19th-century Philosopher Quotes
Yes, gentlemen, give me the map of any country, its configuration, its climate, its waters, its winds, and the whole of its physical geography; give me its natural productions, its flora, its zoology, &c., and I pledge myself to tell you, a priori, what will be the quality of man in history:-not accidentally, but necessarily; not at any particular epoch, but in all; in short, -what idea he is called to represent.
Our Lord's miracles were all essential parts of His one consistent life. They were wrought as evidences not only of His power, but of His mercy. They were throughout moral in their character, and spiritual in the ends contemplated by them. They were in fact embodiments of His whole character, exemplars of His whole teaching, emblems of His whole mission.
Had the God of the Quran been the Lord of all creatures, and been Merciful and kind to all, he would never have commanded the Mohammedans to slaughter men of other faiths, and animals, etc. If he is Merciful, will he show mercy even to the sinners? If the answer be given in the affirmative, it cannot be true, because further on it is said in the Quran "Put infidels to sword," in other words, he that does not believe in the Quran and the Prophet Mohammad is an infidel (he should, therefore, be put to death). (Since the Quran sanctions such cruelty to non-Mohammedans and innocent creatures such as cows) it can never be the Word of God.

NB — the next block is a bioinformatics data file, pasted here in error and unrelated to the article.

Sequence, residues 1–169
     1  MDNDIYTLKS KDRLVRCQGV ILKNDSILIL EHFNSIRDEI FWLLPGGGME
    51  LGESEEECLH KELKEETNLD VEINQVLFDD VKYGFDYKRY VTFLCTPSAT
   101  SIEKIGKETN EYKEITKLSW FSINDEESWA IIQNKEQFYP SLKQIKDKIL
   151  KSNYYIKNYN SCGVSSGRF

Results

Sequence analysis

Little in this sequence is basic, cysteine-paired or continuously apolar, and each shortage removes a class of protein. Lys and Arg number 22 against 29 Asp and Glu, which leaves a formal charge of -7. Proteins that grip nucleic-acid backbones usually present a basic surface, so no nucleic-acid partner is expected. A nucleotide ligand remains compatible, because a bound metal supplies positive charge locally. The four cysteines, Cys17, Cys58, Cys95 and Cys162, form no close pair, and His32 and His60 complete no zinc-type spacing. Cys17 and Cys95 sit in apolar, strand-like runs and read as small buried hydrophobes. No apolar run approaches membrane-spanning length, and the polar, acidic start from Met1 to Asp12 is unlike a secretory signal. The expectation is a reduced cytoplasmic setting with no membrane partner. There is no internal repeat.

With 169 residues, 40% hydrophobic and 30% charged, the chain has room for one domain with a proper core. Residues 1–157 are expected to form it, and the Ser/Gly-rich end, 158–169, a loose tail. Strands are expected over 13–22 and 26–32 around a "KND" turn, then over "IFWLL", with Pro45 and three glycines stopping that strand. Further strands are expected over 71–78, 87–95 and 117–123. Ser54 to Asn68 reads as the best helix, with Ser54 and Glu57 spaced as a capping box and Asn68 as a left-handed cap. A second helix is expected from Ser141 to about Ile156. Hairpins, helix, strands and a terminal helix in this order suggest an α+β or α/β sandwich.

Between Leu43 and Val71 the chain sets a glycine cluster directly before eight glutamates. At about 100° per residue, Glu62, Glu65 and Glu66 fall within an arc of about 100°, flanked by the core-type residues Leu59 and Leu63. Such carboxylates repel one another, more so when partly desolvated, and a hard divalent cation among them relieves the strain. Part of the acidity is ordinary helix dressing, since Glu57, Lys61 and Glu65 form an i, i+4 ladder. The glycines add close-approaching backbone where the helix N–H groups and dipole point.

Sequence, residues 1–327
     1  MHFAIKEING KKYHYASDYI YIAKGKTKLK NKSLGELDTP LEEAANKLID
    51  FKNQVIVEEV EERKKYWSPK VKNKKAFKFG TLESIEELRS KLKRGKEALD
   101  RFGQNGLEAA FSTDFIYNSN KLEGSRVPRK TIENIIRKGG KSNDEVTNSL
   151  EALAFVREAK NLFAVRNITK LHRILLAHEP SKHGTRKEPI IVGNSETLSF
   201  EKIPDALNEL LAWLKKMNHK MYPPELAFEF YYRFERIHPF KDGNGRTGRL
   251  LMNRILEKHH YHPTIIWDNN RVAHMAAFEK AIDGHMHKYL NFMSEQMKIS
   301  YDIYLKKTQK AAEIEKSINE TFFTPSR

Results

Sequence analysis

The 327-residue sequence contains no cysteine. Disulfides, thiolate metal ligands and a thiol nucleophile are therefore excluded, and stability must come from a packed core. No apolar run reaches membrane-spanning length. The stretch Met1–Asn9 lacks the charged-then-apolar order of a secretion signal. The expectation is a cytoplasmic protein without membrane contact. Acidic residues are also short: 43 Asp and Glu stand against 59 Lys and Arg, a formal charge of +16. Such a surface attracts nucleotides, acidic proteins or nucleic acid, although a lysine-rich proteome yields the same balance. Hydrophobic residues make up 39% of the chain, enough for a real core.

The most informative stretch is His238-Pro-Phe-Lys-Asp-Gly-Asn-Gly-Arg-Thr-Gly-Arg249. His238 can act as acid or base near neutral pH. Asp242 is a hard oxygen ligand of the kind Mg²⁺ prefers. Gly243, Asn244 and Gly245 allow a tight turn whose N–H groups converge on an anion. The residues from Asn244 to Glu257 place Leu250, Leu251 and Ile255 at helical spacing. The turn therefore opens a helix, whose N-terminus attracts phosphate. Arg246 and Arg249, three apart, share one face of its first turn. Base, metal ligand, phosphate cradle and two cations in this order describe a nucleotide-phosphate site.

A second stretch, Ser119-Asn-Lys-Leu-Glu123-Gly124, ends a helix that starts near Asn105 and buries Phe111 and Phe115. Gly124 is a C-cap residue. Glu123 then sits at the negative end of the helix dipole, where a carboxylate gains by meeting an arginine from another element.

Now, when we say of any occurrence that it is 'physical', we mean thereby that it is potentially describable in physical terms. (Otherwise the expression would be wholly meaningless.) So it is perfectly correct, to state that, in every happening with which our sensory nerves are associated, we find, after we have abstracted therefrom every known or imaginable physical component, certain categorically nonphysical residue.
Evil does not approach us as pride any more, but on the contrary as slumber, lassitude, concealment of the "I." … It may make us so quickly contented, that any definitive fire will die down. The venomous, breathtaking frigid mist seems able … to harden hearts and fill them with envy, obduracy and resentment, with bloody scorn for the divine image and light, with all the causes of the only true original sin, which is not wanting to be like God.
Hitherto, it must be admitted that American Negroes have been a race more in name than in fact, or to be exact, more in sentiment than in experience. The chief bond between them has been that of a common condition rather than a common consciousness; a problem in common rather than a life in common.
When brought to the proletariat from the capitalist class, science is invariably adapted to suit capitalist interests. What the proletariat needs is a scientific understanding of its own position in society. That kind of science a worker cannot obtain in the officially and socially approved manner. The proletarian himself must develop his own theory. For this reason he must be completely self-taught.